In December 2013, Fishlabs, which had filed for self-administration the previous October, was acquired by Koch Media and became Deep Silver's dedicated mobile game studio.[16] As the agreement was an asset deal, the legal entity of the studio was dissolved and Fishlabs was reorganised as a division, officially known as Deep Silver Fishlabs.[16][17] In July 2014, Deep Silver acquired the rights to Homefront and its in-development sequel, Homefront: The Revolution, from German developer Crytek.[18] Dambuster Studios (officially, Deep Silver Dambuster Studios) was established to continue the development of The Revolution, succeeding Crytek UK.[18] Later on the same day, Crytek announced that Crytek UK would be closed, and all of its staff transferred to Dambuster Studios.[19] In August 2018, Koch Media acquired the rights to the TimeSplitters games, which would be overseen by Deep Silver.[20]

In May 2020, Koch Media and THQ Nordic, by this time both part of Embracer Group, exchanged several intellectual property rights: Deep Silver received Red Faction and Painkiller, while handing off Risen, Rush for Berlin, Sacred, Second Sight, and Singles: Flirt Up Your Life.[21]

ControversyEdit

In January 2013, Deep Silver announced a special edition of their then-upcoming game Dead Island: Riptide, titled Zombie Bait Edition, which would include a statuette of a mutilated female torso in Europe and Australia.[22] After strong criticism over the item, Deep Silver initially offered an apology, stating that they were "deeply sorry" and promising consumers that something like that would not happen again.[23] However, when the game was released in April that year, the bust was still included, generating further backlash.[23]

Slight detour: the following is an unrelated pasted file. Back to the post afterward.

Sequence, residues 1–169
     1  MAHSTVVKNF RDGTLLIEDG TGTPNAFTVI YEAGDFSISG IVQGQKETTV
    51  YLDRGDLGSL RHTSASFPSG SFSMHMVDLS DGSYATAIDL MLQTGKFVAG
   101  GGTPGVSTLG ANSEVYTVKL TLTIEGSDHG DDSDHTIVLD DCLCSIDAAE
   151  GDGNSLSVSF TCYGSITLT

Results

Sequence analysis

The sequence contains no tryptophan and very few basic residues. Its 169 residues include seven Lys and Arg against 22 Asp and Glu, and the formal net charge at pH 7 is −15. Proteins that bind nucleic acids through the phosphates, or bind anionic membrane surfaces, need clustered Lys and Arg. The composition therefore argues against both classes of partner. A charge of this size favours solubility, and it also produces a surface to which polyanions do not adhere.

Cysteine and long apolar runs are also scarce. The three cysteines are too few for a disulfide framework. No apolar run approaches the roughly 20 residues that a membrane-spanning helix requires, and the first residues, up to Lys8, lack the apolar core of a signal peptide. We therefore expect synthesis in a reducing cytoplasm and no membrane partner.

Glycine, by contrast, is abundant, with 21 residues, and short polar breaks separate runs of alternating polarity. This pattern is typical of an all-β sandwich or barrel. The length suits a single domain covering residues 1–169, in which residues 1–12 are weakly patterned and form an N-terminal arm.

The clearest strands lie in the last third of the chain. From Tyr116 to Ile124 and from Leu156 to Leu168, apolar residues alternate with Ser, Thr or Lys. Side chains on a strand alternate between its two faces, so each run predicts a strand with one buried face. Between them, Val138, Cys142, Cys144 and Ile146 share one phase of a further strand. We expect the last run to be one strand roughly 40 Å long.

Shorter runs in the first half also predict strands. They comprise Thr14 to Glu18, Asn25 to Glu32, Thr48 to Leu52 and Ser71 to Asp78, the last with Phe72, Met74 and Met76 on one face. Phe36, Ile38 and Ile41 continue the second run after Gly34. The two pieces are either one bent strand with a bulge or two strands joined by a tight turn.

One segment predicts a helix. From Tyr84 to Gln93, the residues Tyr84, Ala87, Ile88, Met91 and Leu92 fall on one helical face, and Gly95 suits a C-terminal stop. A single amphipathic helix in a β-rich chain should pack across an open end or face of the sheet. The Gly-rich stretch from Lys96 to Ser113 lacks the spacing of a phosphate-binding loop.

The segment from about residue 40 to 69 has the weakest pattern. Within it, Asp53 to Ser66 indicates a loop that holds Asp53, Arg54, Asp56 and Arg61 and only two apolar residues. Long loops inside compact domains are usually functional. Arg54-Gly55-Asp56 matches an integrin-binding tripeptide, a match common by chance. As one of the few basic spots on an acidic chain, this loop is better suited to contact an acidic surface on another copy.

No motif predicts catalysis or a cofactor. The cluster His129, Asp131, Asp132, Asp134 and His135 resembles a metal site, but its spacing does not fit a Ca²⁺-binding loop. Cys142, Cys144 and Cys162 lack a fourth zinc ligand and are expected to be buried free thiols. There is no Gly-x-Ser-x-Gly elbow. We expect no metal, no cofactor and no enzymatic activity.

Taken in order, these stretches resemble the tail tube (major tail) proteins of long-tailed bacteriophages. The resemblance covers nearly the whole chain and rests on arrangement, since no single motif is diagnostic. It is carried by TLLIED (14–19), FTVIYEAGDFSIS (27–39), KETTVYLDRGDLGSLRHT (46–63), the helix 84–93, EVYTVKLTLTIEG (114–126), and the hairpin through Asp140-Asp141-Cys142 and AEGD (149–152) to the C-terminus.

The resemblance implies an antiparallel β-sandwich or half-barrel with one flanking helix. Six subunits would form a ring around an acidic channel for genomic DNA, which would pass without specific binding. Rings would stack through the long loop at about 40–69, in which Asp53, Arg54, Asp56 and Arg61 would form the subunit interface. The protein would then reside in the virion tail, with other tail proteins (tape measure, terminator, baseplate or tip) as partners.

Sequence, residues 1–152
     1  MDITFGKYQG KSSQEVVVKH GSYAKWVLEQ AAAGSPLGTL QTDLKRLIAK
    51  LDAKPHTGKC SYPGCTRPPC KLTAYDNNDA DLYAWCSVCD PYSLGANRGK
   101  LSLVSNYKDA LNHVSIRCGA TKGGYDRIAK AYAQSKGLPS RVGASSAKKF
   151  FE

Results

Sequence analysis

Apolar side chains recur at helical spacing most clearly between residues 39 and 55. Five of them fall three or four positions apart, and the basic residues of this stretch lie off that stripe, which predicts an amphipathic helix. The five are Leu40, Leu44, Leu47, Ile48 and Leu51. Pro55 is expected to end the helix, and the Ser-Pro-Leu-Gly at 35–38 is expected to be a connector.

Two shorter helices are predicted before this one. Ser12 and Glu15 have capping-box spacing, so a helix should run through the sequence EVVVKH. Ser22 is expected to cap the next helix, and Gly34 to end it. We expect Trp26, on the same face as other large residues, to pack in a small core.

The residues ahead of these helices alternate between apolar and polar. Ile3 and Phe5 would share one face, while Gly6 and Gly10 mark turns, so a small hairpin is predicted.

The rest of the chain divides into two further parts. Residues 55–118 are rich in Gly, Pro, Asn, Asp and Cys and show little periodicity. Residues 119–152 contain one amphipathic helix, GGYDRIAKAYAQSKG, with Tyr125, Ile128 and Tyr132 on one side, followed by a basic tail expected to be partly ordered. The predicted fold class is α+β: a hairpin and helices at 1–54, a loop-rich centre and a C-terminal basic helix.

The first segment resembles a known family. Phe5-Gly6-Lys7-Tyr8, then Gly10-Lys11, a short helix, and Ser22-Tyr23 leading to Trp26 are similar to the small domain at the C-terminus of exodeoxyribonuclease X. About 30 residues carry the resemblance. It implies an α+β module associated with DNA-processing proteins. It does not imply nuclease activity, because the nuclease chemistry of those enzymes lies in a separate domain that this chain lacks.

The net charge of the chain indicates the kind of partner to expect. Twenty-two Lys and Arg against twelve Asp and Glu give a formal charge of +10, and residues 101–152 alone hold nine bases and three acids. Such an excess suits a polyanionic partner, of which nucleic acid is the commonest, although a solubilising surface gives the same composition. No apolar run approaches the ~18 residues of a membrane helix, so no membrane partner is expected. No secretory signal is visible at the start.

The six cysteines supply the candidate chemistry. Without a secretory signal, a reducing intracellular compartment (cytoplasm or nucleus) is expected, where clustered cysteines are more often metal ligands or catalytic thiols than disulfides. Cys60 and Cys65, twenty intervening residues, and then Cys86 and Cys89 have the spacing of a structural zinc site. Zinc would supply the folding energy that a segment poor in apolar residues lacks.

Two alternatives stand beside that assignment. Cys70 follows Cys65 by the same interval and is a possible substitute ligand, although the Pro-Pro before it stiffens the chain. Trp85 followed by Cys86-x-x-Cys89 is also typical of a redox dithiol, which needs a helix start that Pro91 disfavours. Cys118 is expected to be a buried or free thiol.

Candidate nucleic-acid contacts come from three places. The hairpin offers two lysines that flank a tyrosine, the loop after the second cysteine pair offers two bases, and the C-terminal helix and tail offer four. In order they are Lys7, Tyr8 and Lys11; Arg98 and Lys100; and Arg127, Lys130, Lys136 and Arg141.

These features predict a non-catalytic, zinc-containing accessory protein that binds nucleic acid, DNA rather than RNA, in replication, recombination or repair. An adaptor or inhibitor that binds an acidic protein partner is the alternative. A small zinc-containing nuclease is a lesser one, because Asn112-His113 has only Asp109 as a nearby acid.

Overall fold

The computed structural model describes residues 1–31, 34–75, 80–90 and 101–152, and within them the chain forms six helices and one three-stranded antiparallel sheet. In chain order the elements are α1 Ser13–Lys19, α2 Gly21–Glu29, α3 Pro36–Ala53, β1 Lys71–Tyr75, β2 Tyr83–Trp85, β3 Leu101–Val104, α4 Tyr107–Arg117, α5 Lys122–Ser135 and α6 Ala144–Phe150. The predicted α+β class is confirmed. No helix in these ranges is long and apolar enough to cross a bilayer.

In January 2019, Deep Silver partnered with Epic Games on a one-year exclusivity deal for the personal computer (PC) version of their upcoming game Metro Exodus on Epic's digital distribution storefront, the Epic Games Store.[24] Through this deal, Metro Exodus was removed from Steam, another digital distribution storefront, where Deep Silver had been selling pre-orders for the game since August 2018.[25] Additionally, the deal was made and announced less than three weeks prior to game's release, causing criticism and confusion among critics and fans of the Metro franchise.[24] Valve, the company behind Steam, labelled the move as unfair to consumers, while fans review-bombed previous entries of the series on Steam.[25][26]

GamesEdit